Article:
CEDAR RAPIDS — To answer the question surely on your mind, yes, the Iowa Hawkeyes did recruit Rocky Lombardi. Absolutely they did.
The Michigan State quarterback makes a return home for Saturday’s Iowa-MSU game at Kinnick Stadium fresh off back-to-back 300-yard passing performances.
The redshirt junior and former West Des Moines Valley all-stater led the Spartans to a 27-24 upset win last week against 13th-ranked Michigan at the Big House, throwing for a career-high 323 yards and three touchdowns.
In attendance at that game was Tony Lombardi, Rocky’s dad, and former Cedar Rapids Washington football and baseball coach. Rocky Lombardi actually was Wash’s starting baseball shortstop as an eighth grader and was to be its starting varsity quarterback as a freshman until the family moved to the Des Moines suburbs.
“I have to admit when you walk into (Michigan Stadium) that day, the butterflies are going and your heart’s in your throat,” Tony Lombardi said. “But he had a certain look to him. I was there, I was live, I could see him, and you just know ‘They’re going to win.’ He just had this look to him, and I just thought ‘He’s going to be good today.’ And sure enough …”
“For me, as soon as the game was over, you celebrated that night,” Rocky Lombardi said. “Once you wake up Sunday morning, it’s Iowa week, or whoever it is. It’s that next game. For me, turning the page was easy.”
Now back to the recruitment of Rocky Lombardi. According to Tony Lombardi, Iowa wanted his son, and the family enjoyed their visits with the coaching staff.
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But Hawkeyes Coach Kirk Ferentz and then offensive coordinator Greg Davis were up front with the Lombardis that Rocky probably wasn’t going to be the only QB in that recruiting class. Davis wasn’t certain he was a quarterback at the college level, thinking perhaps a position on defense was his future.
Michigan State offered him, as a quarterback, and Rocky took it.
“To this day, I have a lot of respect for Coach Ferentz,” Tony Lombardi said. “Coach Ferentz sat Rocky and I and his mom down in his office and said we want you, you’re exactly what we’re looking for, we love your toughness. His kids were wrestlers, too, and everything.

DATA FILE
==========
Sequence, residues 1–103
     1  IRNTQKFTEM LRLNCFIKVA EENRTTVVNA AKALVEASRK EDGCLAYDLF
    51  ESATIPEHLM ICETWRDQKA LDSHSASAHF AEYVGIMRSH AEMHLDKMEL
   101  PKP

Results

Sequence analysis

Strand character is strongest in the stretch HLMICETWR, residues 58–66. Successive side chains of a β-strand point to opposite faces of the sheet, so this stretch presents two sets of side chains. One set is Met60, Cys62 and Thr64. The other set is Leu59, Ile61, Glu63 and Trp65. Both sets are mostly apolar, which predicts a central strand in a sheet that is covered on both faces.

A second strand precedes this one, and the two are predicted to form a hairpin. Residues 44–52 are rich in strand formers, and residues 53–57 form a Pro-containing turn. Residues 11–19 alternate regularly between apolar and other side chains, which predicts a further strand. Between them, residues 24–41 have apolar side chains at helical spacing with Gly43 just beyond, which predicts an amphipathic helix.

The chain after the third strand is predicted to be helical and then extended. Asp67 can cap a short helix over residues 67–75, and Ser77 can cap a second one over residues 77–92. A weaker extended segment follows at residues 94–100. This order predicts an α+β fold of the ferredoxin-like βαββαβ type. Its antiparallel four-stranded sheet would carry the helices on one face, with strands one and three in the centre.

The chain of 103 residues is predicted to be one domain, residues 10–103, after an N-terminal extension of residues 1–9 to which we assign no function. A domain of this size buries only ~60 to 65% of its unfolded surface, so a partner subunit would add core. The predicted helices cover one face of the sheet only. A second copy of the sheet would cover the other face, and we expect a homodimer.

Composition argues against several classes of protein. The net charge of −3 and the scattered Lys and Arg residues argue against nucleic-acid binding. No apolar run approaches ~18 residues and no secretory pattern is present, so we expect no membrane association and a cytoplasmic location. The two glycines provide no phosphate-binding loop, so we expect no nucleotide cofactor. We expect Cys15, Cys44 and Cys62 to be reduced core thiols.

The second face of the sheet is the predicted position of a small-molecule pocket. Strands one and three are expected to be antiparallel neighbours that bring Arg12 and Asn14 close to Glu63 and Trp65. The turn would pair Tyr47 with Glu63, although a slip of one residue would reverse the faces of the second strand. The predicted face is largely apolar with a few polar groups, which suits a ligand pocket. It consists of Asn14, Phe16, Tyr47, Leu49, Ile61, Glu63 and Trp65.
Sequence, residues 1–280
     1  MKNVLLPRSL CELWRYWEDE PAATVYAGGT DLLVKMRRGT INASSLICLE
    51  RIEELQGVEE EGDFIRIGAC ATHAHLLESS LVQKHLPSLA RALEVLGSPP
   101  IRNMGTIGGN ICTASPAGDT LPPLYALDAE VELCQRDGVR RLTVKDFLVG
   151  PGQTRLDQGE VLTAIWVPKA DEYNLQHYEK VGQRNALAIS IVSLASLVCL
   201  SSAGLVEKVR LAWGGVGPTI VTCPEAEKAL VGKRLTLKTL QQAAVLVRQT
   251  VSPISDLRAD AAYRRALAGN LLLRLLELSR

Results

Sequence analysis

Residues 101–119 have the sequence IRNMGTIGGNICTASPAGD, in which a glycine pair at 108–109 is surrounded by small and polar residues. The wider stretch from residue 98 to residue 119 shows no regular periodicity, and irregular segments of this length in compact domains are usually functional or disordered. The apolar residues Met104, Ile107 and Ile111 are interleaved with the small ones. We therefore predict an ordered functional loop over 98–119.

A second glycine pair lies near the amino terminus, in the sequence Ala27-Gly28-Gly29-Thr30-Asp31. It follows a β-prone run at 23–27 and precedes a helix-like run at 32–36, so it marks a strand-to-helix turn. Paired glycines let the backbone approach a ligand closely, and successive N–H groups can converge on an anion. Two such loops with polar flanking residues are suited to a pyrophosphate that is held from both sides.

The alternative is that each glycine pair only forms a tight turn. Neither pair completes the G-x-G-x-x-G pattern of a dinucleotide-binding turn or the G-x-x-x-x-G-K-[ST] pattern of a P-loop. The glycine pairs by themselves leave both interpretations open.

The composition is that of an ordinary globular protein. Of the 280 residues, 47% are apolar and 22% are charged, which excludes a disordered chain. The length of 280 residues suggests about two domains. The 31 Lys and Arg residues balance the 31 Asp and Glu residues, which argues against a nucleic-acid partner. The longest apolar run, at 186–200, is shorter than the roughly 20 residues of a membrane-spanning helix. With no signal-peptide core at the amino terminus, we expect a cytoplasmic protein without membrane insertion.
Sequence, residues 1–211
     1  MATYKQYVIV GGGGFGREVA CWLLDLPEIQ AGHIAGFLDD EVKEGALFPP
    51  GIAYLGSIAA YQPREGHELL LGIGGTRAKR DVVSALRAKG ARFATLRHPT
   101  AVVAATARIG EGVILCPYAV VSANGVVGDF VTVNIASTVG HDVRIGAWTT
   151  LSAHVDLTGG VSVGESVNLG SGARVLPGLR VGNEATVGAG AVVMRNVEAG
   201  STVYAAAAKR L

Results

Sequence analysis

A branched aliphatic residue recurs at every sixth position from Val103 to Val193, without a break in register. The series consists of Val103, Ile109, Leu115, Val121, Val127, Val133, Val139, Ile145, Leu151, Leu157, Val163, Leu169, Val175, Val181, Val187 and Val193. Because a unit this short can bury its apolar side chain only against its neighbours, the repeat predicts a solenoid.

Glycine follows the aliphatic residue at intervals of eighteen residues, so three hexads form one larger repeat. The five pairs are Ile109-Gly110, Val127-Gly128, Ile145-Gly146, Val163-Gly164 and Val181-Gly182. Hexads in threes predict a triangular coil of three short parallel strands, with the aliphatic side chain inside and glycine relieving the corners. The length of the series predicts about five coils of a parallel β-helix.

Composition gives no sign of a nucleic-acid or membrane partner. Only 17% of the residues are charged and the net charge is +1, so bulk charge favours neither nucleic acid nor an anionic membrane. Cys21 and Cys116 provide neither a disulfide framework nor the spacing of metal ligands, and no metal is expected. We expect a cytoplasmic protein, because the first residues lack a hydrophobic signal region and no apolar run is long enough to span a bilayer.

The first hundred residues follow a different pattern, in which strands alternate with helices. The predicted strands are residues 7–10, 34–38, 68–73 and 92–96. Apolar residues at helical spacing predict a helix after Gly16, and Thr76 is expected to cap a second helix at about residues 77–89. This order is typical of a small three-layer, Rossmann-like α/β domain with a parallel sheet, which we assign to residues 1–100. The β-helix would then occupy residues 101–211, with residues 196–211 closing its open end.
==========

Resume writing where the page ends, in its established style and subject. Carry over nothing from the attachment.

“Then he said ‘But I have to be honest with you and tell you we are not going to guarantee you that you’re the only quarterback we’re going to take in your class.’ At the same time, Greg Davis was not convinced he was a quarterback. Again, that took a lot of character and integrity, because he had to know at that point that if Rocky really wanted to be a quarterback, he might look elsewhere.”
Rocky Lombardi ended up getting three starts as a redshirt freshman at MSU because of an injury to Brian Lewerke, then got some reserve duty last season. He came into this season in a full-scale battle for the starting job and won.
In a season-opening loss to Rutgers, he threw for 319 yards and three TDs, though he also was intercepted twice.
“I definitely feel like I have improved so much in the last two years,” Rocky said. “I talked about it a little bit postgame at Michigan, but watching myself play my freshman year, sometimes you just sit there and you cringe at some of the plays. It’s like man, I could have done this so much better, I could have done that so much better. And I’m still improving. From Game 1 to Game 2, there were some things I did better. From Game 2 to Game 3, there will be some things I’ll do better. So I’m just going to continue to improve, continue to show my worth for this football team and continue to lead.”
“Rocky is a tremendous young player, tremendous young person,” Ferentz said. “(He) was an outstanding competitor in a couple of sports in high school. We knew about him and tried to recruit him, and he’s done a great job up there. Played pretty extensively a couple of years ago when his starter was hurt, and, like most players, he’s a better player (now) than he was two years ago.”
Tony Lombardi said he’s unsure if he’ll be in attendance Saturday at Kinnick, though Rocky’s mom, Kari, and three sisters are expected to be there to watch him. Rocky’s younger brother, Beau, also a former Valley QB, is now a center for Army.
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“It’ll be really good,” Rocky said. “My mom doesn’t get to come to a lot of games because I’ve got four other siblings that are all busy, in sports. My sisters have state volleyball this week, and they’ve been at state volleyball every year I’ve been in college. So she’s been very busy (with that). It’ll be nice to have her and my sisters come to the game and see me play.
“It’ll be emotional for me. This is a real homecoming, I’ve had this game circled since I committed here my junior year of high school. But like you said, it is just another game. I’ve got to prepare like I do every other game and just go out and play the best I can.”
Michigan State Coach Mel Tucker has sensed his QB has the right mindset for this week. It’s about the team and not himself.
“Obviously, for Rocky, he’s excited, but he’s up for meetings, he’s up for practices, he loves football,” Tucker said. “I have heard him express to our team that he knows that this game is going to be a physical game and we’ve got to get better in practice. He has verbalized that to our football team, and that’s what leaders do.”
“This is just my opinion, but I feel like attitude alone is so much of life in general but football also,” Rocky said. “What kind of attitude are you coming out with? How are you going to overcome challenges? How are you going to react to failures? How are you going to react to success? It’s really just about what kind of attitude you possess and how hard you are going to work and how you are going to stay motivated.”
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